A short time later the curtains opened with some fanfare and the band was assembled, complete with four horns, a backup singer, and a couple of showgirls. Vegas Elvis would've felt right at home.
As if that weren't enough, there was a riser at the back of the stage for go-go dancing Dames Aflame.

But honestly, though all the spectacle may get your attention it's Mike's booming voice that makes the show spectacular.

Sure, it helps that the band is super tight and can get a groove going that makes the women slither up in front of you and squirm around in near orgasmic delight...
But even Harold "Elvis" Schulz had to elbow his way up front for a bit.

But apparently it wasn't enough to hold everyone's attention. There was a guy next to me celebrating his birthday with some friends. As each new member joined their group the girls would all squeal in unison, "OHMYGAWD, I haven't seen you in FOREVER!!!"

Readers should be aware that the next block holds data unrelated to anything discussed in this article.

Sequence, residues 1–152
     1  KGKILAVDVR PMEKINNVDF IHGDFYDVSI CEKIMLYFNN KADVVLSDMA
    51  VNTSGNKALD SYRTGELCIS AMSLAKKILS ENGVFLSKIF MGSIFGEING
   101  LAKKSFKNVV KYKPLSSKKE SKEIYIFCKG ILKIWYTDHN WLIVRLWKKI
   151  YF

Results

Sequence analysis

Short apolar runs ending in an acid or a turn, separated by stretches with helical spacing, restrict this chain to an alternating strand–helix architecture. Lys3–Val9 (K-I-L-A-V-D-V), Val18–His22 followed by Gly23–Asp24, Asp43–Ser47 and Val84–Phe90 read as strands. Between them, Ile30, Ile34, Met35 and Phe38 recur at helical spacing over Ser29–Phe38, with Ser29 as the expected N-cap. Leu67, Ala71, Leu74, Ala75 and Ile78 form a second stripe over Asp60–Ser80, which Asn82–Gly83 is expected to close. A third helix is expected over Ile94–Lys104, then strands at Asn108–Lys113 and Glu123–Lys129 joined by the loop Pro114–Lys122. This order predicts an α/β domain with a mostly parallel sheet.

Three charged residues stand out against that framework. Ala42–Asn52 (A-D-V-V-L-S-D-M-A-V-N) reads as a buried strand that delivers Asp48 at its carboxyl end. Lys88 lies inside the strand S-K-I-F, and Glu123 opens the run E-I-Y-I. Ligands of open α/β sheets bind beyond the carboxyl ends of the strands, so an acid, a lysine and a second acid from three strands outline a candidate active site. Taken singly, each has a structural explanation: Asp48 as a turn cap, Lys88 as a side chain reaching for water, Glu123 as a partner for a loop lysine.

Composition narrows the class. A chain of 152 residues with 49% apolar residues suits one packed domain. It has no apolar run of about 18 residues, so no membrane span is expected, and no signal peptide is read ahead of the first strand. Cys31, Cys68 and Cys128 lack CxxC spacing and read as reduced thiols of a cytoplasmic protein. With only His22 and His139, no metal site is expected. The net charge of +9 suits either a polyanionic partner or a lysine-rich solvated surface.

They were so loud I couldn't hear the show, and I was standing three feet from the stage. People on the other side of me started grumbling that they felt like they were trapped at a sorority house party.

Evil looks didn't quiet the group. A few of them tired to quiet the others but nothing worked. The chatty group grew, and grew louder, until I finally couldn't take it.

"HEY!!" I screamed at the top of my lungs just to get them to shut up long enough to listen, "I'm glad you're having a good time but I came here to see the show. I've never busted a bottle over anyone's head but I'm goddamn close now."

I've never threatened anyone with violence before (at least not a stranger) and if you're one of the chatty group I apologize for that. On the other hand, they did manage to shut the hell up, and everyone else around me thanked me profusely, so I don't entirely regret it.

The show rolled on with more Vegas and Hawaii era Elvis hits, dancing girls (and even a guy or two), blaring horns, a gospel set, and a few surprise snippets of non-Elvis songs woven into the mix.